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Thoughts on Ukraine and Market Volatility

Twelve days ago, Vladimir Putin authorized an invasion of Ukraine resulting in a global and humanitarian crisis. Since that time, NATO countries have responded in a coordinated campaign to sanction Russian industry and individuals to force negotiation around a military de-escalation. Although the range of potential outcomes is quite wide, we do not believe this conflict will escalate to the point where there is NATO military involvement. We certainly hope that view is correct.

The invasion, in theory, is a continuation of Putin’s campaign beginning with the military intervention in the Republic of Georgia in 2008 and annexation of Crimea in 2014 to reconstitute the former Soviet Union which collapsed in 1988-1991. In the case of Georgia and Crimea, Putin was able to accomplish his objectives in a relatively bloodless fashion.

He likewise expected to conquer Ukraine in a matter of days and without much effort, but has since been hammered by Western sanctions, bogged down by a stalwart Ukrainian resistance, and has confronted logistical, leadership and morale issues amongst his troops. His population is also beginning to stage large protests.

Given that Putin has seemingly gotten himself into an unexpected and untenable situation, it is our hope that negotiations continue between Ukraine and Russia and ultimately Putin is provided an offramp to pull out of Ukraine without appearing weak.

How does it affect the management of your portfolio?

Each of our client’s portfolios is unique and constructed based upon long-term cash flow and wealth accumulation objectives. During times of market volatility, those clients requiring liquidity and cash flow from the portfolio will generally have 3-5 years of those needs not exposed to stock market volatility through utilizing portfolio income, bond positions, and other sources of income to fund distribution needs. As shown below, market declines are frequent (even though each circumstance for the decline is unique). We want to prepare for the decline in advance.

For those investors not needing liquidity in that time frame, we view volatile periods, including the current one, as opportunities to add to positions when fear enters the markets. Why? Because historic recoveries have been strong after major market declines.


Why do we take this approach during geopolitical events?

From a contextual standpoint, we refer to history and data to guide investment decision making and do not make decisions based upon “what ifs”, as negative emotion generally guides the “what if” mindset. Below is a summary of relevant geopolitical history and investment implications during those periods.

For every major geopolitical event dating back to the oil embargo in 1973, JP Morgan summarizes the market reaction in the below chart.


Although we do not believe this will result in a global military conflict (WWIII), author Ben Carlson takes the above chart a step further and summarizes investment results during the worst conflicts in modern history – WWI and WWII for context.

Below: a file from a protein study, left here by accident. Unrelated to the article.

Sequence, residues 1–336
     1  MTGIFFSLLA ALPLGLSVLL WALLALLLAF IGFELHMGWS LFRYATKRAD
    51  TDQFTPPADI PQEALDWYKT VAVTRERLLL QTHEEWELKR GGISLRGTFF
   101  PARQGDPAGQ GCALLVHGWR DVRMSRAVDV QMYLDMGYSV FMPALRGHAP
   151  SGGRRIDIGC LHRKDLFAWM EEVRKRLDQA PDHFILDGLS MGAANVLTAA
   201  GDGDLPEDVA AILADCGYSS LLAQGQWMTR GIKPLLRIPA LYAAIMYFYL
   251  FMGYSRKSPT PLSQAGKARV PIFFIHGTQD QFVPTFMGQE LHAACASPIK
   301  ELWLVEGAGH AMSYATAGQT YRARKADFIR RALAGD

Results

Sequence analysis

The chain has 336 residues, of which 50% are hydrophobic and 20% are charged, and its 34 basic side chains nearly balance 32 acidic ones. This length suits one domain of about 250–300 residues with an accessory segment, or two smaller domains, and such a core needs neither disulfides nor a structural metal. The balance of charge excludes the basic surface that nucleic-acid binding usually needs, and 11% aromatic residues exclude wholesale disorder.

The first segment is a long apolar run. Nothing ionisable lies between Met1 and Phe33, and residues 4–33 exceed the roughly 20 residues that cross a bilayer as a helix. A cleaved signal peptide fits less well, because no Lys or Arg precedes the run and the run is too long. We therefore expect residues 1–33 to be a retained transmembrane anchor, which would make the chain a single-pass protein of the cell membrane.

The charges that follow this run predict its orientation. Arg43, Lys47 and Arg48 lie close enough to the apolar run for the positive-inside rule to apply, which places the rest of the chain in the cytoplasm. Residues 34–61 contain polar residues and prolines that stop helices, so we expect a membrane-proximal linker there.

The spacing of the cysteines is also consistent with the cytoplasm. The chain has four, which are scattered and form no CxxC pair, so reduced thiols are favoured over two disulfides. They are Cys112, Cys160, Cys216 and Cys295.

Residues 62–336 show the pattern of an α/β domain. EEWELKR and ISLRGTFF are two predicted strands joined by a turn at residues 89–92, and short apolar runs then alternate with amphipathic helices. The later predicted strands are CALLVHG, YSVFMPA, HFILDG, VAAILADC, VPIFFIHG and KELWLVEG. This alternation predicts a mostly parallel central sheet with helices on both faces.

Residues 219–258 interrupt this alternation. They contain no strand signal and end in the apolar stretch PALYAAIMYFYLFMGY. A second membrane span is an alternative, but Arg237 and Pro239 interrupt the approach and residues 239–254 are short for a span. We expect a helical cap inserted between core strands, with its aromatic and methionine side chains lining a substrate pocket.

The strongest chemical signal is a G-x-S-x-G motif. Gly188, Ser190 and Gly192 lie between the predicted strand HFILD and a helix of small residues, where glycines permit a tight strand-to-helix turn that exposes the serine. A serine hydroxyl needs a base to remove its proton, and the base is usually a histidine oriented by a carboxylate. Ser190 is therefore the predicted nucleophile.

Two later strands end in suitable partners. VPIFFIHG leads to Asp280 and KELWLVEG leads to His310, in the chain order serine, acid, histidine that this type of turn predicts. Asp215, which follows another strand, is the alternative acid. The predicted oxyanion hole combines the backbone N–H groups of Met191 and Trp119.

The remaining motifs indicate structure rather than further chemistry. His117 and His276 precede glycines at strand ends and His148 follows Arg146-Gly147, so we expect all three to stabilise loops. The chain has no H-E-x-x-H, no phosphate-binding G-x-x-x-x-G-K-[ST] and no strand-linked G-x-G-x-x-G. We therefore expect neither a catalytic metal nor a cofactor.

He states, “In the six months following the onset of World War I in 1914, the Dow fell more than 30%. Because the war basically ground the business world to a halt and market liquidity all but dried up, the decision was made to close the stock market that year. This lasted for six months, the longest such period on record. Making up for lost time, the Dow rose more than 88% in 1915 after it reopened, which remains the highest annual return on record for the DJIA. In fact, from the start of the war in 1914 until the war ended in late 1918, the Dow was up more than 43% in total or around 8.7% annually.”

He continues, “World War II had a similarly counterintuitive market outcome. Hitler invaded Poland on September 1, 1939, setting off the war. When the market opened on September 5, the Dow shot almost 10% higher that day. When the attack on the U.S. naval base at Pearl Harbor occurred in early December 1941, stocks opened up the following Monday down 2.9%, but it took just a month to regain those losses. When the allied forces invaded France on D-Day on June 6, 1944, the stock market barely noticed. The Dow rose more than 5% over the ensuing month.

From the start of WWII in 1939 until it ended in late 1945, the Dow was up a total of 50%, more than 7% per year.”

“So, during two of the worst wars in modern history, the U.S. stock market was up a combined 115%.”

Of course, the prior World Wars did not include massive nuclear arsenals, and a nuclear conflict throws all assumptions and historical context to the wind. We view this as a low probability event and are not considering “what if” nuclear conflict in an investment context.

In summary, it is our view that (1) markets will recover from this event, (2) the higher probability is the conflict will be contained to Russia/Ukraine and will not involve NATO military involvement, and (3) a sound investment plan based on a long-term horizon will continue to be successful.

We are always available to talk or meet if you have any questions.


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